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Spatial decoupling of light absorption and catalytic activity of Ni–Mo-loaded high-aspect-ratio silicon microwire photocathodes

Nature Energyvolume 3pages185192 (2018) | Download Citation


A solar-driven photoelectrochemical cell provides a promising approach to enable the large-scale conversion and storage of solar energy, but requires the use of Earth-abundant materials. Earth-abundant catalysts for the hydrogen evolution reaction, for example nickel–molybdenum (Ni–Mo), are generally opaque and require high mass loading to obtain high catalytic activity, which in turn leads to parasitic light absorption for the underlying photoabsorber (for example silicon), thus limiting production of hydrogen. Here, we show the fabrication of a highly efficient photocathode by spatially and functionally decoupling light absorption and catalytic activity. Varying the fraction of catalyst coverage over the microwires, and the pitch between the microwires, makes it possible to deconvolute the contributions of catalytic activity and light absorption to the overall device performance. This approach provided a silicon microwire photocathode that exhibited a near-ideal short-circuit photocurrent density of 35.5 mA cm−2, a photovoltage of 495 mV and a fill factor of 62% under AM 1.5G illumination, resulting in an ideal regenerative cell efficiency of 10.8%.

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The Netherlands Organization for Scientific Research (NWO) is acknowledged for financial support (FOM projects 13CO12-1 and 13CO12-2, and MESA+ School for Nanotechnology grant 022.003.001). A. Milbrat and G. Mul are acknowledged for assistance with the gas chromatography measurements.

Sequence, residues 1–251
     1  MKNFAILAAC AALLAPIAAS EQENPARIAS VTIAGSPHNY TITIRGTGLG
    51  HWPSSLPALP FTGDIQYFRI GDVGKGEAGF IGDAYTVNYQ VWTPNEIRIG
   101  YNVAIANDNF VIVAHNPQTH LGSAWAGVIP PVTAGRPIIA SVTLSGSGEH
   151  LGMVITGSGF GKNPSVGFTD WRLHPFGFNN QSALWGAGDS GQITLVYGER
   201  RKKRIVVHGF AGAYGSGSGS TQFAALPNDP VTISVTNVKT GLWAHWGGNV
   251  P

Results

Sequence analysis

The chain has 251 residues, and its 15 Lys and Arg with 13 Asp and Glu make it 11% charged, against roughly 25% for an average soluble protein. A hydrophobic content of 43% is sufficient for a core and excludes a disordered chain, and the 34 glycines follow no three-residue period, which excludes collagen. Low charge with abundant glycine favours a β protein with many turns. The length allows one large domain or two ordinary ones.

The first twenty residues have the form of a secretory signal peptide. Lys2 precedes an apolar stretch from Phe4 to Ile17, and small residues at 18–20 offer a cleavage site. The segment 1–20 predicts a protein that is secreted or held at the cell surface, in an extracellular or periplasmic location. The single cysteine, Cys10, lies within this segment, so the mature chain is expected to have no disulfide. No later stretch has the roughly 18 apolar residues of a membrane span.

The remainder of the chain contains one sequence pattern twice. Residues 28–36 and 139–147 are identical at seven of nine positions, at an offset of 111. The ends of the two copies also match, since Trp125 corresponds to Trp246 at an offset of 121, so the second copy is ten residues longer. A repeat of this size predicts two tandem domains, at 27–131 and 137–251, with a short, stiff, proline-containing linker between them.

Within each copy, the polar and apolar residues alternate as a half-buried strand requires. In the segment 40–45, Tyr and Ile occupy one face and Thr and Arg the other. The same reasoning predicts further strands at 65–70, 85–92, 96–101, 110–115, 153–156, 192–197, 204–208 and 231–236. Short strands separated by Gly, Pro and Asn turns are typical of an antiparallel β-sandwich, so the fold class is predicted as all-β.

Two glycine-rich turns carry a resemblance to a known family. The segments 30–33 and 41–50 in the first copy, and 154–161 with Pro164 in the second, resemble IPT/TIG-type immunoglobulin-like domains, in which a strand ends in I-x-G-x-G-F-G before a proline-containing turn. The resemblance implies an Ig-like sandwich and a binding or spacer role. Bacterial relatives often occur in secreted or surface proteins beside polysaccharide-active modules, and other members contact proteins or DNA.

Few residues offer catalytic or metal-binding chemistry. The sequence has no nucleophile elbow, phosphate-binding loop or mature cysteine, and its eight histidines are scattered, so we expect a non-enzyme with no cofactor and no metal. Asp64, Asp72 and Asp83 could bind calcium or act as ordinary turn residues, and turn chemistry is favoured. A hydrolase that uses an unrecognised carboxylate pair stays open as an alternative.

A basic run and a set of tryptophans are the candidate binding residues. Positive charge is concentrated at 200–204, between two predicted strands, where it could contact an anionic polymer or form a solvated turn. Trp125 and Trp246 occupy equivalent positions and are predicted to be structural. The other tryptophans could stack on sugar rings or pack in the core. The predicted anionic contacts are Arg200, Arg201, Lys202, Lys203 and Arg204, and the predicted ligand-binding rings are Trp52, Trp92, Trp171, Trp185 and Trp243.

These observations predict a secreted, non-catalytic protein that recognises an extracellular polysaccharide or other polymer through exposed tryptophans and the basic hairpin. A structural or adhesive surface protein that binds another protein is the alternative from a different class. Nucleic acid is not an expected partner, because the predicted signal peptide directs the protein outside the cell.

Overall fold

Author information


  1. Molecular NanoFabrication, MESA+ Institute for Nanotechnology, University of Twente, Enschede, The Netherlands

    • Wouter Vijselaar
    • , Janneke Veerbeek
    •  & Jurriaan Huskens
  2. Mesoscale Chemical Systems, MESA+ Institute for Nanotechnology, University of Twente, Enschede, The Netherlands

    • Pieter Westerik
    • , Roald M. Tiggelaar
    • , Erwin Berenschot
    • , Niels R. Tas
    •  & Han Gardeniers
  3. NanoLab Cleanroom, MESA+ Institute for Nanotechnology, University of Twente, Enschede, The Netherlands

    • Roald M. Tiggelaar


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W.V., P.W., J.V. and E.B. performed the experimental work, W.V., P.W., N.R.T. and R.M.T. planned the project and performed the data analysis, W.V., H.G. and J.H. conceived the idea, and all authors contributed to the writing of the manuscript.

Competing interests

The authors declare no competing financial interests.

Corresponding authors

Correspondence to Han Gardeniers or Jurriaan Huskens.

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  1. Supplementary Information

    Supplementary Figures 1–17, Supplementary Tables 1–5, Supplementary Discussion and Supplementary References

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